SPECTORYeah, the one thing that I would add to this is if there's one thing I've learned about the work that I've done here in this particular field is that there's a real need to go very case-by-case. So general information only goes so far. Once you have special needs in the picture you really need someone who's gonna look very carefully at your particular child's situation and help you come up with something that works for you and comes up -- that works with -- for your family as well.
SPECTORSo the general information can only go so far. And you should be pretty cautious about what you read in a book or on a website that's meant for a mass audience because you know your child better than anyone. And there are some kids who can handle having an iPad at the age of eight. There are some who are still not gonna be able to handle the responsibility at 15. And you have to make that judgment call knowing the child, not just in a generic way.
MCGINTYYou know, speaking of judgment calls. Here's an email from someone named Manuel, who says, "My grandson is significantly autistic in the real world, but has a rich and outreaching internet life. Is this an example of dependence or is his ability to communicate online deeply and emotively a positive tool in dealing with his autism?"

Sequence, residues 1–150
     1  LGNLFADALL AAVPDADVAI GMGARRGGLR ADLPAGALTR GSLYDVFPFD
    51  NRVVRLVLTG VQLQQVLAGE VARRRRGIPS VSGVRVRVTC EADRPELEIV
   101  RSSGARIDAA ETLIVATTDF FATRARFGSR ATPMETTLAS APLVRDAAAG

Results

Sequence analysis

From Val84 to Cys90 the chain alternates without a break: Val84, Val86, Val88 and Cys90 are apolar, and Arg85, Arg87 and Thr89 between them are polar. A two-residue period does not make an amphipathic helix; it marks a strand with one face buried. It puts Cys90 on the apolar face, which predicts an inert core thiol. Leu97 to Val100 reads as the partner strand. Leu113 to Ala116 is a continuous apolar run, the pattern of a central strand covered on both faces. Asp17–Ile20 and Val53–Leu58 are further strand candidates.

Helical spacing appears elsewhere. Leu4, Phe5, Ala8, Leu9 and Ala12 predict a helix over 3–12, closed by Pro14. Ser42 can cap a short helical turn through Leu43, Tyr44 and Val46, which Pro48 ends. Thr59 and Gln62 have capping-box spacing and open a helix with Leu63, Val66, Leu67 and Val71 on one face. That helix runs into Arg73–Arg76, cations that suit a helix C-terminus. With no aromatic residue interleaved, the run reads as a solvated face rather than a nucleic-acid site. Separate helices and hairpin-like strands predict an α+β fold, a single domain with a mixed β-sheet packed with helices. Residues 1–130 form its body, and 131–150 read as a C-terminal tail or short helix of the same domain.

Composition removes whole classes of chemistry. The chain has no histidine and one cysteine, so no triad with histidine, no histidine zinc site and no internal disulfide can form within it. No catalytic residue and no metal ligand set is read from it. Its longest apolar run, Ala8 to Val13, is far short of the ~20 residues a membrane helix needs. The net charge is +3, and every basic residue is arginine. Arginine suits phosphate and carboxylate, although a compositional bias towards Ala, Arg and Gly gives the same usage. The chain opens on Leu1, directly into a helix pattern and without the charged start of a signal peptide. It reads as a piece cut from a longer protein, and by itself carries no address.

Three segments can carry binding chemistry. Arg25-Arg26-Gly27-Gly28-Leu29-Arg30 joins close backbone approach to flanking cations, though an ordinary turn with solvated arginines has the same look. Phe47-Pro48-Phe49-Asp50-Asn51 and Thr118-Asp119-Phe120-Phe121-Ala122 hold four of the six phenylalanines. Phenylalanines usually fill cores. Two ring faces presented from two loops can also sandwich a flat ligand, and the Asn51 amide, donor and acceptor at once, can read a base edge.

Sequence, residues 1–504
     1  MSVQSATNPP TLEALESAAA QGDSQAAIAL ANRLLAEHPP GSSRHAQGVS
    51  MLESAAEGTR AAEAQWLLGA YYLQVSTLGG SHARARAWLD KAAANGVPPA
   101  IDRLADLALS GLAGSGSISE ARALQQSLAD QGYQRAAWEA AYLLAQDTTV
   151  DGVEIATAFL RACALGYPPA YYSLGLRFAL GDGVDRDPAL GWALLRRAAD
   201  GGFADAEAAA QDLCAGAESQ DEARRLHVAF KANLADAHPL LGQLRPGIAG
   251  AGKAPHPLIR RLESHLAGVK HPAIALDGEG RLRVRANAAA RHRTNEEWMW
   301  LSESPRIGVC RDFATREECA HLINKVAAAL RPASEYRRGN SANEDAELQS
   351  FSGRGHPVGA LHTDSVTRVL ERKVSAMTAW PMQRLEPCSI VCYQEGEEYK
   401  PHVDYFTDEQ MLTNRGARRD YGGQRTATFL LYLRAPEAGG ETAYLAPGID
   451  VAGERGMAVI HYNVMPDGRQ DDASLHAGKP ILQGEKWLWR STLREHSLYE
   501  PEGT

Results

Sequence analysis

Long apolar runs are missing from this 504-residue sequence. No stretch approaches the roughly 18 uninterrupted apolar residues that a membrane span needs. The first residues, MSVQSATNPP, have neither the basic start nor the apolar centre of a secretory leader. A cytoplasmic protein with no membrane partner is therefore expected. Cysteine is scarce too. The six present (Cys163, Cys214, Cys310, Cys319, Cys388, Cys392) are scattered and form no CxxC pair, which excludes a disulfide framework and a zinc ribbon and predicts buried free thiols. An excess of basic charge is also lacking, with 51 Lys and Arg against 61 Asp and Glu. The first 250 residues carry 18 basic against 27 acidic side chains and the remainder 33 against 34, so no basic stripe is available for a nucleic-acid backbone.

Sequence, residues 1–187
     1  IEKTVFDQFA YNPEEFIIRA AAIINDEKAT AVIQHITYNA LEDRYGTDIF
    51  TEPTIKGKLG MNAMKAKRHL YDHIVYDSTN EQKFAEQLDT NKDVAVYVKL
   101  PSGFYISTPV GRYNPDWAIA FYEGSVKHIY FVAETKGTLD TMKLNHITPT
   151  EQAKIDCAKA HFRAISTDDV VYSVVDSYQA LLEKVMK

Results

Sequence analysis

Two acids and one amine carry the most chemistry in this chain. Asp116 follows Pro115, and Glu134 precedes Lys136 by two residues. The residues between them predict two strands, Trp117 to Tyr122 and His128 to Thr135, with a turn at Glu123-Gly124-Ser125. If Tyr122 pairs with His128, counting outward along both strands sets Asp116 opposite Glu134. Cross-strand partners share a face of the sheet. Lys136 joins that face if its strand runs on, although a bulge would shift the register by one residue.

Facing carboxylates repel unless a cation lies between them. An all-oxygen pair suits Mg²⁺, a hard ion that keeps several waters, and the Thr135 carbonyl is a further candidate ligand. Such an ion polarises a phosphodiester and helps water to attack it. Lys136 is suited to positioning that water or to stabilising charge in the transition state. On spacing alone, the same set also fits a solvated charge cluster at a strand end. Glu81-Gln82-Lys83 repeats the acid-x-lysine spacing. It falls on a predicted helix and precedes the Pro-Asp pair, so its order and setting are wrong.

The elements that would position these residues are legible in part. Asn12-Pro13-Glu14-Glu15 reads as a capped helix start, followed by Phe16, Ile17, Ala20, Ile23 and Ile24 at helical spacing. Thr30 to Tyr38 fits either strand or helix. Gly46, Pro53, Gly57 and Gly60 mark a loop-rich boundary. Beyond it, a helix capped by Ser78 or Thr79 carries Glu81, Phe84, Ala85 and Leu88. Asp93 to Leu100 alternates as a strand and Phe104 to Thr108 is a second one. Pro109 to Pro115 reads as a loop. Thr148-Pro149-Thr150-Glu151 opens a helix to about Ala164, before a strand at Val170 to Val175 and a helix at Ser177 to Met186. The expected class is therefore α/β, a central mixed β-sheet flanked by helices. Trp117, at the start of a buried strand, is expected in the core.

SPECTORYeah, I mean autism really is its own category with this problem. So when I know someone's coming in and that's diagnosis, my expectations shift dramatically. And what I'm -- the way that I'm understanding the problem changes dramatically as well. As I think Kimberly Young mentioned, when you have autism your social skills are very much not a strength. And when you're online, you're not relying on the non-verbal cues, you're not having to deal with a lot of the social stuff that's hard for you. And so you can really excel.
MCGINTYSo this could be a positive thing?
SPECTORWell, it's a plus and a minus. It's a crutch, but it's also a fabulous way for someone who's very limited to have a vibrant social life.
KANGWhat's different about the internet and what it's done for kids, as opposed to other technological transformations, like the phone and then the TV, and the radio, is the ability to communicate with other kids. And I've heard from teens who are LGBTQ, for example, who are able to communicate in rural areas with others who aren't in their community, feeling not alone. That's a real benefit. There are great advantages to technology for sure.